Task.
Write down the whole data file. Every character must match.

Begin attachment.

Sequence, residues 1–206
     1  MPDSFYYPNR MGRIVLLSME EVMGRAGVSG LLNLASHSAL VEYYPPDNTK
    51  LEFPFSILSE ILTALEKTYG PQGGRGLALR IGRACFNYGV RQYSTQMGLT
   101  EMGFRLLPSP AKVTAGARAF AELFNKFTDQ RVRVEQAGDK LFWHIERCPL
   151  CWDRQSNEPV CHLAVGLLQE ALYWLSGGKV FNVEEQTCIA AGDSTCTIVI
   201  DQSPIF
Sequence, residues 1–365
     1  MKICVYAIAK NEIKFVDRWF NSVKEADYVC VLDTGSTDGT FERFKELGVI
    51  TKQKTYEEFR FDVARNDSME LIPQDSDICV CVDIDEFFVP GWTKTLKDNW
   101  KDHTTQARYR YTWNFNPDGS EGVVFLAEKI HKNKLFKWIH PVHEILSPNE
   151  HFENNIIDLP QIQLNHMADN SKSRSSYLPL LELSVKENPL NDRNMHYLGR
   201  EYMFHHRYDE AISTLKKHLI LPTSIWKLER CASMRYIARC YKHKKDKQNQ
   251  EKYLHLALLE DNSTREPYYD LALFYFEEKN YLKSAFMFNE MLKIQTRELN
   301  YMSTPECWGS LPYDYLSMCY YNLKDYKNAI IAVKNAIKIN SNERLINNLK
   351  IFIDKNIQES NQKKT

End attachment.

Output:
Sequence, residues 1–206
     1  MPDSFYYPNR MGRIVLLSME EVMGRAGVSG LLNLASHSAL VEYYPPDNTK
    51  LEFPFSILSE ILTALEKTYG PQGGRGLALR IGRACFNYGV RQYSTQMGLT
   101  EMGFRLLPSP AKVTAGARAF AELFNKFTDQ RVRVEQAGDK LFWHIERCPL
   151  CWDRQSNEPV CHLAVGLLQE ALYWLSGGKV FNVEEQTCIA AGDSTCTIVI
   201  DQSPIF
Sequence, residues 1–365
     1  MKICVYAIAK NEIKFVDRWF NSVKEADYVC VLDTGSTDGT FERFKELGVI
    51  TKQKTYEEFR FDVARNDSME LIPQDSDICV CVDIDEFFVP GWTKTLKDNW
   101  KDHTTQARYR YTWNFNPDGS EGVVFLAEKI HKNKLFKWIH PVHEILSPNE
   151  HFENNIIDLP QIQLNHMADN SKSRSSYLPL LELSVKENPL NDRNMHYLGR
   201  EYMFHHRYDE AISTLKKHLI LPTSIWKLER CASMRYIARC YKHKKDKQNQ
   251  EKYLHLALLE DNSTREPYYD LALFYFEEKN YLKSAFMFNE MLKIQTRELN
   301  YMSTPECWGS LPYDYLSMCY YNLKDYKNAI IAVKNAIKIN SNERLINNLK
   351  IFIDKNIQES NQKKT